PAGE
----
I feel guilt over something every day. Some situation, some action or reaction I had. It’s part of the cycle of shame. Of not being in control. I read it in a book. A book about adults who grew up with parents with addictive behaviors. We seek control, and when we don’t have it we blame ourselves. We blame ourselves a lot, for situations out of our power. It’s a cycle.

On occasion I wonder if my husband loves me like he said he does. I wonder it even as he is saying he loves me, or showing me in some way. He has never given me a reason to think any different. Never hurt me in a profound way. I just wonder if he loves me like he says he does. Because on occasion I wonder if I love people the way I think I do, because on occasion I wonder if what I feel is love. Or something else altogether.

On occasion I look into a mirror and feel a strange sense of detachment from my body and my emotions. My therapist says it happens. She says it’s a symptom of trauma. Depersonalization. Profound detachment. It goes by several names. It’s an odd feeling. The feeling of not belonging in your own skin. The feeling of watching your body continue to buzz, but your brain turn off. On occasion I avoid mirrors all together.

I worry about my child. Every day. Every day at some point I stop and wonder what he is doing at school at that moment. If he ate all his lunch. If someone was mean to him. If he was mean to himself. Every day I worry that he got enough sleep the night before. I listen to his breathing while we sit on the couch together. I ensure that he isn’t coming down with anything. I worry that I am messing him up. That he doesn’t have the life I planned for him. That I am disappointing him in some way, some irreversible way.

On occasion I wonder when the other shoe will drop. When this life I am living will end. When the rug will be pulled out from under me. I envision a fiery crash. A break-in. A gunshot. I assume I’ll be taken down in a blaze of some kind, an accident maybe, but a tragedy no less. I think I’ll be blindsides at two am with bad news. I sleep with my ringer on, on occasion.

Every day I work to make my life better. I go to regular therapy. I evolve, try to become more self-aware. I read books that tell me explicitly how to live a whole-hearted life. I practice mindful breathing. I take a pill, every single day.

On occasion all of this works and I have a good day. No self-deprecating devil on my shoulder. No little inner critic. On occasion someone tells me I helped them in some way, and I believe them. My son hugs me tight and tells me he has a great life, and I give myself credit for creating it for him. On occasion a friend texts to tell me that I make her smile, and I smile, because I want to do better. I deserve to do better. To be better. But not every day.

I hope today is a good day for you.

M.

Wescoe Hall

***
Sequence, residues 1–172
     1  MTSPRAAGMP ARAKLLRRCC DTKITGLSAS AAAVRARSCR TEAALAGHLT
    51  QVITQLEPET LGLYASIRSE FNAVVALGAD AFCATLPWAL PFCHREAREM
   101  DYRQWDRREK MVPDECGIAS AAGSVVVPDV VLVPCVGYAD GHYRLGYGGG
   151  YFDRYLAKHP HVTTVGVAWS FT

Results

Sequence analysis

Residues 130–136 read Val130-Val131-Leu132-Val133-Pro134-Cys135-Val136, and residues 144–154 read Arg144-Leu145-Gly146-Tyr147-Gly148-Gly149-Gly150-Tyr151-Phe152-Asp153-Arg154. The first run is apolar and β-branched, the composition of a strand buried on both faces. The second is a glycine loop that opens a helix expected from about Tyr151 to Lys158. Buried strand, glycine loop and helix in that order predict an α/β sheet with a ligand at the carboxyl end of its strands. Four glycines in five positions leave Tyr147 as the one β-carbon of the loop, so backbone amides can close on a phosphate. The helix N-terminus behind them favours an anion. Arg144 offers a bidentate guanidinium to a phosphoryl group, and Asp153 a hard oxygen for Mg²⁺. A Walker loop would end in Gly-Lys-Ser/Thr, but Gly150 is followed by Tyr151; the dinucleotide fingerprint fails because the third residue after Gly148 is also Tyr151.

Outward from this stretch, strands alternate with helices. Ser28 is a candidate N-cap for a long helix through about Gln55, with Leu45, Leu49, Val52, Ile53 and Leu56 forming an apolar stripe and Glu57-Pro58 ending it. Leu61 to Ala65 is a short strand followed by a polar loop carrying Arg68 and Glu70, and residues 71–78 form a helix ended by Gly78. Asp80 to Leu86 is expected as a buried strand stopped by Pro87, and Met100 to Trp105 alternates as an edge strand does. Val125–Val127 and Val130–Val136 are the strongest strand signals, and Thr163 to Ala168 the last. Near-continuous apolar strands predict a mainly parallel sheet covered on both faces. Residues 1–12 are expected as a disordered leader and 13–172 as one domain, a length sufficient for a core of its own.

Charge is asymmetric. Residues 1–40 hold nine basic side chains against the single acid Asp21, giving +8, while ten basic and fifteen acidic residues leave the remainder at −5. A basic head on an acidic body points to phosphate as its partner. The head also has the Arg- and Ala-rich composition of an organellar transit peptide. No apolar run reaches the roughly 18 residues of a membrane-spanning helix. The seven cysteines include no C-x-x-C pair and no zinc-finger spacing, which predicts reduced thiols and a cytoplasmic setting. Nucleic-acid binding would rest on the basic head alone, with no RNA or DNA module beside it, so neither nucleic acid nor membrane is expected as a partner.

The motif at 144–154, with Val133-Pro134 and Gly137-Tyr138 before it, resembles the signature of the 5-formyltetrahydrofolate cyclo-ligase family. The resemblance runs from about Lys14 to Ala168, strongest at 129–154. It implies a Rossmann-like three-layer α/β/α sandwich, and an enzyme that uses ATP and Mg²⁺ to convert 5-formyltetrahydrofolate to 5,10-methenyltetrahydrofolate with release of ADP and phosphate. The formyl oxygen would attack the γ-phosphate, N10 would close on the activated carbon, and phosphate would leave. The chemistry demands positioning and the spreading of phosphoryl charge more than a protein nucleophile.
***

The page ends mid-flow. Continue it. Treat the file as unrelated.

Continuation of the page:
I’m trying to remember a teacher I had at The University of Kansas a long time ago, but I keep getting jammed up. I can see the classroom. It’s one of those basement classrooms that old universities have. It was in Wescoe Hall, across from the library, where I spent too many hours walking the stacks. Listening to the birds who’d come in through, what, an open window? I can remember the stacks. I can remember the moldy classroom. And the birds. I can even remember the kid who sat behind me. People thought he was cool because he’d been a walk-on to the KU football team that year. Of course this was back when KU football was consistently on the highlight reel for “Horrible pass of the week” or “Too many sacks in a row”. Back then, when you said “Kansas football” you weren’t talking about the Jayhawks.

So it’s the particulars I’m jammed up on. I guess. I know she was young, not a professor. That she was blond, and that she had large breasts. I’m not so sure about the blond, but the breasts, those I’m sure about. They were so large, that at 18, I felt both inadequate and sufficiently aroused. This was before I knew how to buy a good bra, based on my size and shape. This was back before areas of my brain and body had fully developed. Back before I could recognize deliberate flirtation. Her areas were fully developed.

The red-headed walk-on yammered on a lot. Spoke in small sentences about things not found on the syllabus. I wondered how many times he’d been hit in the head. He’d yammer on about video games and metaphysical anomalies. He wrote short stories about aliens. He picked his nose sometimes, when he thought no one was looking. I wrote bad poetry. The kind of poetry that 18-year-old girls with virtually no life skills or relatable experience, write about. I hadn’t yet had my heart broken. He’d yammer. I’d write, and steal glances at the teacher’s breasts. She’s ask him to stop. Tell him to leave it for another time. He’d smile. She’d smile. Or at least I assume she smiled. I still can’t picture her face.

The birds in the stacks would flutter above my head. Jump from bookshelf to bookshelf. Was someone feeding them, I wonder now. Did they routinely flush them out? I wonder about the birds a lot, the birds stuck in the stacks.

Maybe it was the breasts. The reason I can’t remember her face. Can’t remember much of it. If I close my eyes, think back to my first semester, that’s all I can remember. The stacks. The red-headed walk-on. The moldy classroom at Wescoe Hall. The birds.